Whether you travel alone or in a group, having reliable communications is essential. Personally, a radio is where a lot of the trip’s moments are shared in my travel group and more than once I’ve needed a radio to find people or get vital trip information. It used to be the choice was pretty basic - CB or, well it was pretty much CB. Amateur radio, or ham - not an acronym - also existed but wasn’t really practical or desirable for most people until more recently. While that has changed somewhat, and while CB is still king of the hill for cheap and easy trail comms there have been some big changes in overland communication and new technologies that are worth discussing.
This might be a little long, so I’ve broken it up into chapters, feel free to skip around.
While it might be a little elemental, I think it’s important to start with a few radio basics that help frame the rest of the discussion. If you’ve heard this all before, feel free to skip ahead.
A radio works, in its simplest form, by taking an input signal, amplifying it and sending electromagnetic energy into an antenna to produce a radio wave which radiates out into space.
The wavelength of the signal is the distance from the peak of one wave to another. For amateur radio, regions or bands of the radio spectrum are referred to this way, but for most applications frequency is used. Frequency measures the waves per second and is given in Hertz (Hz.)
A carrier wave can be manipulated in a few ways, by modifying the amplitude of the wave (AM) or by modifying the frequency of the wave (FM). You can also use only half the wave at double the power (SSB) or pack the FM signal with more information using digital modulation. Regardless of the technology, from CB to cell signal or even GPS, the principles are the same - waves sent, waves received.
Something else generally the same with all radio transmissions is their physical limits for travel. Waves travel perpendicular to the antenna as they radiate outwards in 3 dimensions and don’t curve with the earth. What this means is that radio is generally line-of-sight and is limited by how far away the horizon is from you. More specifically, the limit is the radio horizon which is the distance the top of one antenna could physically see the top of the other. Given the curve of the earth and the height of most users this is a little over 3 miles on completely flat terrain. No matter what the marketing says, range is mostly limited by this physical limitation not by power or technology.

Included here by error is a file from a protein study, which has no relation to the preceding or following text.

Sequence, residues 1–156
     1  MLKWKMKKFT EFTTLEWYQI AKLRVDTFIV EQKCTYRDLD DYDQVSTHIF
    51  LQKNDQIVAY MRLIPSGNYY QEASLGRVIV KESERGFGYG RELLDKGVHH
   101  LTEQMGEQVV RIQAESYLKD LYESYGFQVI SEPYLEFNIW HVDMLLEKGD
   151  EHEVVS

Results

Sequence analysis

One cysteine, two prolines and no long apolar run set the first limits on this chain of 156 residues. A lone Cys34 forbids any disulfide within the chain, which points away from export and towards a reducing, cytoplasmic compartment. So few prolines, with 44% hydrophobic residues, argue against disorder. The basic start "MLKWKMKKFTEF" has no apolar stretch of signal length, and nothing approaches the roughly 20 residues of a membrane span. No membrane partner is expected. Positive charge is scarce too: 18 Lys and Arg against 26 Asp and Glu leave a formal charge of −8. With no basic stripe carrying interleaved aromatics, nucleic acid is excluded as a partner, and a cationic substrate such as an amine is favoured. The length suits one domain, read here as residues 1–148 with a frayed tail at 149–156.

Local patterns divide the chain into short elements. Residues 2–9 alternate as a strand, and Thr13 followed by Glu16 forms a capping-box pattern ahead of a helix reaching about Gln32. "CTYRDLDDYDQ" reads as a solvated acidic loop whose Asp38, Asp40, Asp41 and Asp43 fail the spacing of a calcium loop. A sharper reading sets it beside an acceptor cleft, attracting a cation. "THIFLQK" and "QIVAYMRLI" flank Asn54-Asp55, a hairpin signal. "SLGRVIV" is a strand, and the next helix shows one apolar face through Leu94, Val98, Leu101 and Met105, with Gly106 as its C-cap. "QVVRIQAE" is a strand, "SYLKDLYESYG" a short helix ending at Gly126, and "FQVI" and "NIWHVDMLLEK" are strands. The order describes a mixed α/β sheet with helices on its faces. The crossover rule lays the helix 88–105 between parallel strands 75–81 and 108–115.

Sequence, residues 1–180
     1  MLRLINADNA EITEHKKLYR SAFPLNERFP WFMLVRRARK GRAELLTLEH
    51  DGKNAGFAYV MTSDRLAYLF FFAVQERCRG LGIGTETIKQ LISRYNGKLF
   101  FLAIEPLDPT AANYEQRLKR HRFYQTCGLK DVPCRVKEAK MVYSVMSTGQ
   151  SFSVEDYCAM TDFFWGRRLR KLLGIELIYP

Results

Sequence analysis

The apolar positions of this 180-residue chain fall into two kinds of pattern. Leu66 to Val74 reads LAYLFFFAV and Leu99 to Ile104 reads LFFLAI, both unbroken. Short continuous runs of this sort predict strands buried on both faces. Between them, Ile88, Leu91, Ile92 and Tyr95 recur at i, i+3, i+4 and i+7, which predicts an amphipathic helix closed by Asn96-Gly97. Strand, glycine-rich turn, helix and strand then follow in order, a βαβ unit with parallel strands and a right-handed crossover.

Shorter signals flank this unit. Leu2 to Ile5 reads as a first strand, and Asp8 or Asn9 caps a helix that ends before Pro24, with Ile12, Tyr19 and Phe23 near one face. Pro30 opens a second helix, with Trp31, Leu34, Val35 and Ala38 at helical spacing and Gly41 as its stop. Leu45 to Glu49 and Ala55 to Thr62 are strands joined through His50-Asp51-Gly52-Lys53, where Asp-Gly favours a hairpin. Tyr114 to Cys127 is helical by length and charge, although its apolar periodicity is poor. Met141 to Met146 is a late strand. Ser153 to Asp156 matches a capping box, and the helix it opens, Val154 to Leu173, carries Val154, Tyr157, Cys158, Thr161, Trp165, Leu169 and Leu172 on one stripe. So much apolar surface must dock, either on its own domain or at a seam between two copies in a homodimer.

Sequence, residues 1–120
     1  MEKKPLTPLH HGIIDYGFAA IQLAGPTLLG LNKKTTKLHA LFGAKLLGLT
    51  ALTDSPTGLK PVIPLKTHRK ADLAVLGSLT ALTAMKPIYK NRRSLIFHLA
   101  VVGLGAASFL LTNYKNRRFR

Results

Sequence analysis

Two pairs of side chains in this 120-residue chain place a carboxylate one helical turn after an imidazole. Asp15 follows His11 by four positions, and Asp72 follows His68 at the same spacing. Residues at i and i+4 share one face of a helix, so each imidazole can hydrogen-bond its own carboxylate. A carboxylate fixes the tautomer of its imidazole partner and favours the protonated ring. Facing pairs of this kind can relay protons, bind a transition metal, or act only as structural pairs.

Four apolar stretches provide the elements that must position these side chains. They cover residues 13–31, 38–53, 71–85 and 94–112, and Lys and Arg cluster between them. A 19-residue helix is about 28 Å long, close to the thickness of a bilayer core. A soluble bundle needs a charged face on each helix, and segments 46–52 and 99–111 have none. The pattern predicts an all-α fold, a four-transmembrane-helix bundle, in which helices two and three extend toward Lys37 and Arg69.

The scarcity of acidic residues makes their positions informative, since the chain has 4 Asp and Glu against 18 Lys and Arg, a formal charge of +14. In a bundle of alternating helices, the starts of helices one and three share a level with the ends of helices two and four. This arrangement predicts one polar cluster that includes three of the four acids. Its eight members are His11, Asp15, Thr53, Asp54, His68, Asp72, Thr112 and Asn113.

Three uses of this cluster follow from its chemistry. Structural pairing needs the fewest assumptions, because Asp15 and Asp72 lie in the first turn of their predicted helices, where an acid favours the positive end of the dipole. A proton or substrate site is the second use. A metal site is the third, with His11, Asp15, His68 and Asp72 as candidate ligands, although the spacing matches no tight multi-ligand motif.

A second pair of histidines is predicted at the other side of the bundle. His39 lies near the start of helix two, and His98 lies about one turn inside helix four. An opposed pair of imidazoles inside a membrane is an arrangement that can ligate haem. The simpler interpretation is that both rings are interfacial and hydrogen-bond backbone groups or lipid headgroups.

The frequencies for radio are part of the larger electromagnetic spectrum. The RF spectrum is a limited resource - we can’t create more and there are many users vying for space. Like all limited resources, the RF spectrum is tightly regulated to prevent abuse and interference that could range from annoying to deadly. As a recent example, the FAA recently released an airworthiness directive, warning about certain 5G signals interfering with airplane and helicopter radio altimeters. In this case certain signals can make altimeters read unreliably and could be dangerous during instrument approaches and landings, severely limiting when some airlines can actually land at some airports. It can be a big deal. In the US, the FCC is the agency that controls the spectrum.
So armed with information about radio spectrum, wave propagation and modes we can talk about radio options for the overlander.
Citizens Band was the FCC’s first real effort to carve out spectrum for the general population to use and has been in use for over 70 years. It was meant for person to person communication, but also for radio control hobbies.
CB is 27 MHz or roughly 11 meters. The signal is AM. The long wave is good for terrain and under the right conditions can travel very long distances. This band is considered High Frequency (HF) which means that in some atmosphere conditions a CB signal can be heard FAR beyond the radio horizon. The AM signal combined with this long wave unfortunately means that clarity of signal is poor and it also means that the antenna needs to be physically large. The power you can transmit on CB is low at 4 watts for full wave (common), or 12 watts for SSB (far less common).
The standard CB radio is very cheap, easy to use, requires no license and it’s very common in off-road groups. You can even find CB radios, antennas and parts in almost any truck stop today making parts and service very easy to find. CB is a good cheap way to equip a group with convoy communications within line of sight. I’ve been using one for 6 years and despite its limitations, it has worked well for my convoy communications in that time.
CB feel every bit as old and outdated as its reputation.
Pros: Cheap, easy, ubiquitous.
Cons: Poor clarity, poor range.
Verdict: An easy way to get into basic convoy communications.
The history of amateur radio is basically the history of radio itself. However, it’s only been in the last 40 years or so since the transistor and eventually the IC, that off-road amateur radio has become practical for every day use by regular folks.